The Greatest BMW Ever Built Is For Sale

There is a BMW so rare even the most die-hard Bimmeristas are unfamiliar with it. It’s a piece of rolling art that evolved from the legendary M1, itself a fascinating offspring of Italian design and German engineering. It’s called the M1 AHG Studie. Only 10 were ever produced, and one of them has surfaced at RM’s Monterey auction. More than likely, it is the best BMW ever made.

For those needing a quick refresher on what the M1 was, it started off as a promising collaboration between BMW and Lamborghini to build an Earth-shattering car. The legendary Giorgetto Giugiaro drew up the body (née DeLorean, Lotus Esprit, Nikon D4 camera, and Beretta), but before anything could be built, Lamborghini withdrew, leaving BMW to subcontract significant parts of the build. Today, M1s are legends, but this M1 AHG Studie is so much more.

Power is derived from a straight six cylinder engine, but whereas the normal M1 was capable of a respectable 277 hp, this cranked out 350 hp. The AHG Studie was offered primarily to veterans of BMW’s M1 Procar Championship, in which world champions like Niki Lauda and Nelson Piquet were regular fixtures, so it was of little consequence at the time that this car features a full-on racing clutch that would stump anyone not used to it.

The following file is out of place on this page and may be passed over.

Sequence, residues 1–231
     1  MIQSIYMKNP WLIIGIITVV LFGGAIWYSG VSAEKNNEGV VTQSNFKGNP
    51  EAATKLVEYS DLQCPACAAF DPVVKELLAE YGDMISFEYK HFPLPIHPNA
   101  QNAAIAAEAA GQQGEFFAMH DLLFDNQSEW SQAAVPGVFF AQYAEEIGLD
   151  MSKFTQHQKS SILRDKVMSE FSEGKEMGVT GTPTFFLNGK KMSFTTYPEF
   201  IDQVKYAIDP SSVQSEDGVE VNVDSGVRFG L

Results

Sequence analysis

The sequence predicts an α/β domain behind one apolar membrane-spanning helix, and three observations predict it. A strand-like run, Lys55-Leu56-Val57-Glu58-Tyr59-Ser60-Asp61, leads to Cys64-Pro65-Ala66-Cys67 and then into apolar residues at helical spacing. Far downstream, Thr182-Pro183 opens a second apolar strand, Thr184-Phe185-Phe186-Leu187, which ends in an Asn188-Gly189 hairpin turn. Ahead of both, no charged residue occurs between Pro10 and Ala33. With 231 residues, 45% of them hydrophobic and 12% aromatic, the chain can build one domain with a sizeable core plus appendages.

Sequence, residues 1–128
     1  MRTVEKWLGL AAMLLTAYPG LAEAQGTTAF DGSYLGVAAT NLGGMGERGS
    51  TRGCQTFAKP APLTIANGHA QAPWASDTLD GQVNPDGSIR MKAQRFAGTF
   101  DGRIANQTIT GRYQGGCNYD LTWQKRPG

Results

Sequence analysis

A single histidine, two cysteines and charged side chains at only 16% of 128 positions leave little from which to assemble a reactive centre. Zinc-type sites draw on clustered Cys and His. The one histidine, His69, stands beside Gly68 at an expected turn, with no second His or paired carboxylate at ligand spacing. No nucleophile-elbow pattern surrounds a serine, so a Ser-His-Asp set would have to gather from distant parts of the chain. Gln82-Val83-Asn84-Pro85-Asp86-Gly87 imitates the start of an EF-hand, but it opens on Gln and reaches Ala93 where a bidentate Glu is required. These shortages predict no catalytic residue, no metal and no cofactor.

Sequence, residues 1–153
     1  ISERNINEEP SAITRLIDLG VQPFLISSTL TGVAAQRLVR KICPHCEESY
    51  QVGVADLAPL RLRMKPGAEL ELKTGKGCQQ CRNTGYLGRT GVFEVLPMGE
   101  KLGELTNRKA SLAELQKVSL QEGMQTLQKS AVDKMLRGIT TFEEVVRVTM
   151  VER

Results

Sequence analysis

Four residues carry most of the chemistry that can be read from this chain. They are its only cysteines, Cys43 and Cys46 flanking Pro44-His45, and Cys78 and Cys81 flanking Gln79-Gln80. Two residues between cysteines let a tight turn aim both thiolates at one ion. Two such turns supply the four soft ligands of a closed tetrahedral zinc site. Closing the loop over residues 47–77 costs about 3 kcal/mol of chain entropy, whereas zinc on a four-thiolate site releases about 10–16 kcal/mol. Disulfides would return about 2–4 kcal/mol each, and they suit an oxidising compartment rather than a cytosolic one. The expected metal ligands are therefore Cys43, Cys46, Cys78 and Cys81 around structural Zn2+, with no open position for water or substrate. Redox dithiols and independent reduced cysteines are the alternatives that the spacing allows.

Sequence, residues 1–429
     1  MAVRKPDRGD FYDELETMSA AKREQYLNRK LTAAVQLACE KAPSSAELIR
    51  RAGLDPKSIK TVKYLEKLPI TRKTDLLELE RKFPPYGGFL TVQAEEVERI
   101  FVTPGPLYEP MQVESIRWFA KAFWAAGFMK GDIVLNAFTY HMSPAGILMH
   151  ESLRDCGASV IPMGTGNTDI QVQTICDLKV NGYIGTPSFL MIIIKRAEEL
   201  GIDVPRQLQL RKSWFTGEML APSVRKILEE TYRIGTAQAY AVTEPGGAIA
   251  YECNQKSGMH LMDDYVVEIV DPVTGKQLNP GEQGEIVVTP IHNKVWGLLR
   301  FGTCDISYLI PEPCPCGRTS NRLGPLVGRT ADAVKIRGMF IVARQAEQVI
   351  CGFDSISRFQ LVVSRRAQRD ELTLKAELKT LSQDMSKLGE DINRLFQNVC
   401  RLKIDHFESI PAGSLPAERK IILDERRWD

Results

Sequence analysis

In addition to a wider body at the front and rear, the car has a nose designed to keep the wheels planted to the ground at high speeds. It also came with its own duct system to keep the front brakes cool during prolonged bouts of spirited driving. Out back is a much cooler, much more effective wing. All this is, of course, in addition to the already efficient aerodynamics at play on the M1.

Inside, it’s mostly unchanged from its M1 roots, which means it has seats, a steering wheel, and little else to distract you from the luxury of driving such a thoroughbred vehicle.

That’s all there is, really. The ultra-limited edition version of BMW’s only true supercar, designed primarily so Formula 1 drivers could have something fun on the street. How is this not the greatest BMW ever?

Aaron Miller is the Rides editor for Supercompressor. He would trade his 1989 325i for this in a heartbeat.